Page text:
Any activity that involves digging in the dirt or pouring water from a watering can is certain to attract children.
And having their parents involved got the children enthusiastic about tree-planting and saving the environment.
Last week, about a hundred children gathered in Kigali to plant trees as part of a wider campaign dubbed “My Kid is a superstar,” spearheaded by Rwanda’s Little Hands Go Green, an extension of the Ugandan NGO Uganda’s Little Hands Go Green.
The drive aimed at encouraging children to be passionate about environmental issues.
“This is a very successful start and the impact of the little one’s hands can be felt,” said Joseph Masembe, the chief executive officer of Little Hands Go Green.
Some children turned up in uniform to highlight their school’s support. From as young as four years old, and helped by their parents, the children planted more than 100 fruit trees — including avocado, orange, and mango.
The event started with music, a dance competition and other games.
The holes had already been dug in a nearby square plot.
As the adults unwrapped the sacking and relaxed the roots of the plants, the children put the dark soil mixed with compost into the holes.
While some gently set the trees in the middle of the holes, others added and stomped on the soil, then they all watered the young trees.
This exercise was accompanied by messages that planting a tree is a gift, not only to children and their families, but also to those in decades to come who will enjoy nutritious fruit or summertime shade.
This was the first undertaking of Little Hands Go Green, since the organisation was registered in Kigali last year. It has partnered with the Rwanda Environment Management Authority (Rema), Rwanda’s Green Fund and the Child and Earth organisation.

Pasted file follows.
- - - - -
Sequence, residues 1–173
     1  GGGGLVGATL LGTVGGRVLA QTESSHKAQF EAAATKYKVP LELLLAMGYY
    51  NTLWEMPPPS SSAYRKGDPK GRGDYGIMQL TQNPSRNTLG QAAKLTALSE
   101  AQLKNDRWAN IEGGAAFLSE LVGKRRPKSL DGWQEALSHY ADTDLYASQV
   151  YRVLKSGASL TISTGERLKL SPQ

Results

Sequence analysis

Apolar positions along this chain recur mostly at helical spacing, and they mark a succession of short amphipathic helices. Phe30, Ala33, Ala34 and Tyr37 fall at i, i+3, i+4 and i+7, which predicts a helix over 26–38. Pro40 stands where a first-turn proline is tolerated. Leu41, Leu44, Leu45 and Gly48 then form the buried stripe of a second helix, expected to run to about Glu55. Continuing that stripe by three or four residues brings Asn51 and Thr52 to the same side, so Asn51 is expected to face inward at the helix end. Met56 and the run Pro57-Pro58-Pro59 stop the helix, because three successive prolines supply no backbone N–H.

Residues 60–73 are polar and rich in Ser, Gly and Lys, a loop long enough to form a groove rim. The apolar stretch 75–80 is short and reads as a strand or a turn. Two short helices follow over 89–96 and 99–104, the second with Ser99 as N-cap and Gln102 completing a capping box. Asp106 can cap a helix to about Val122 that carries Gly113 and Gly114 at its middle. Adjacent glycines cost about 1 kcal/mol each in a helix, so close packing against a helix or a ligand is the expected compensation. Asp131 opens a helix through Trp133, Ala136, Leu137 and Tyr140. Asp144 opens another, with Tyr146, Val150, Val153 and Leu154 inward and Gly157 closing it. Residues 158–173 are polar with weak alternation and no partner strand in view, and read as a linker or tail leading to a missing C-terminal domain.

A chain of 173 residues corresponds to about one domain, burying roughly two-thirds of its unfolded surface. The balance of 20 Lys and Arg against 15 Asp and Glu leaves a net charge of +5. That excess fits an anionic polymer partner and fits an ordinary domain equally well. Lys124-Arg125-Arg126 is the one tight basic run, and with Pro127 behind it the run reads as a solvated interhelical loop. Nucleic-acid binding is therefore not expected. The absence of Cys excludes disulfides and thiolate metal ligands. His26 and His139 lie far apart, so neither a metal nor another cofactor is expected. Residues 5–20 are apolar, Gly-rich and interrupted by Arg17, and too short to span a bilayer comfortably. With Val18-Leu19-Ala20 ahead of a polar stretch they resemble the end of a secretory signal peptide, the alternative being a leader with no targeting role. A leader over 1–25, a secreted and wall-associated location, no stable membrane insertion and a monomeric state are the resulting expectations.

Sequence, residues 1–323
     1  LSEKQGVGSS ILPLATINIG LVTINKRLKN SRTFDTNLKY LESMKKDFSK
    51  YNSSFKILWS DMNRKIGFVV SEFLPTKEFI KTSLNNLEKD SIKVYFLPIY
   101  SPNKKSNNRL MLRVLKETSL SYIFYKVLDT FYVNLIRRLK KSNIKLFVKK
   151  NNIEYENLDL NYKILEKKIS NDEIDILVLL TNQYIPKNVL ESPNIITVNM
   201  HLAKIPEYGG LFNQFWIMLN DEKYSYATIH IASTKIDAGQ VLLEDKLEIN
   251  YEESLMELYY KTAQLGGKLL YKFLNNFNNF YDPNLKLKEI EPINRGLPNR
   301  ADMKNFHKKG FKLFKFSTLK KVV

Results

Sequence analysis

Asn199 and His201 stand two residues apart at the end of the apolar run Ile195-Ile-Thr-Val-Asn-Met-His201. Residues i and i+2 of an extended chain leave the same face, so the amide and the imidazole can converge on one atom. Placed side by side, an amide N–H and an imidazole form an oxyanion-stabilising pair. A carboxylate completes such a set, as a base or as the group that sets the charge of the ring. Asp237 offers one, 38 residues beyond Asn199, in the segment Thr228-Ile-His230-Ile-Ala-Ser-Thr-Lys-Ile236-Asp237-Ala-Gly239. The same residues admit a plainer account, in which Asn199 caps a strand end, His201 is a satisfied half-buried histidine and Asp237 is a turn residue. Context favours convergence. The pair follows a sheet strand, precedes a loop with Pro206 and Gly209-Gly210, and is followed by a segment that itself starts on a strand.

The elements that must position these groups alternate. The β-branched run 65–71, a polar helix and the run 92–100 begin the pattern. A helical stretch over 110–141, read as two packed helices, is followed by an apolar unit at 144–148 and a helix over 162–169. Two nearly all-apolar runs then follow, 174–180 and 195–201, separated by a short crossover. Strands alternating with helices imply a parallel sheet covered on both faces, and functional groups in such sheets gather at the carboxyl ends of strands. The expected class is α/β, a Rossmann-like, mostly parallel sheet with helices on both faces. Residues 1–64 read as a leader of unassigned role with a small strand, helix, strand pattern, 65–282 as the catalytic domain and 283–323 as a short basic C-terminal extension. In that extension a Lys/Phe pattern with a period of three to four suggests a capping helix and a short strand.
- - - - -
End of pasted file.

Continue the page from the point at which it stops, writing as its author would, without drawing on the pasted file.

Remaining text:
Rema encouraged parents to support their children in taking care of the environment.
“This is part of environmental education for our kids. When kids start planting trees at this early age, after five years or 10, they will be really happy to pick fruits from the trees they were involved in planting,” said Colette Ruhamya, the director general of Rema.
“When children grow up knowing the importance of a tree, they transmit this to their own children and to the next generation,” she added.
Everyone who planted a tree was given a certificate.
Rwanda is not among countries noted for high emissions of greenhouse gases, but air pollution still causes some problems, both for public health as well as for the cost of health care. It has been associated with diseases like bronchitis, asthma, and other respiratory conditions.
According to Masembe, the campaign will be rolled out countrywide with the aim of planting more than one million trees in one year.
He added that it is not the number of trees planted that motivates him, but the prospect of children growing up with the knowledge that they can contribute to making the planet better for themselves and for the next generation.
“The most important thing is not planting a tree; it is planting the green spirit,” he said.
“A child’s mind is like wet cement; every time you write on it is permanent,” he added.
He hopes the children and their parents will be encouraged to plant a tree at home.
“You are now part of the wider family that loves the environment and is ready to take care of it,” Masembe told the children as they were receiving their certificates.
“When you go back to your schools, to your homes, to visit your aunt, uncle or grandmother, tell them that you want to plant a tree,” he added.
The children were invited to come back regularly to check on the trees they had planted.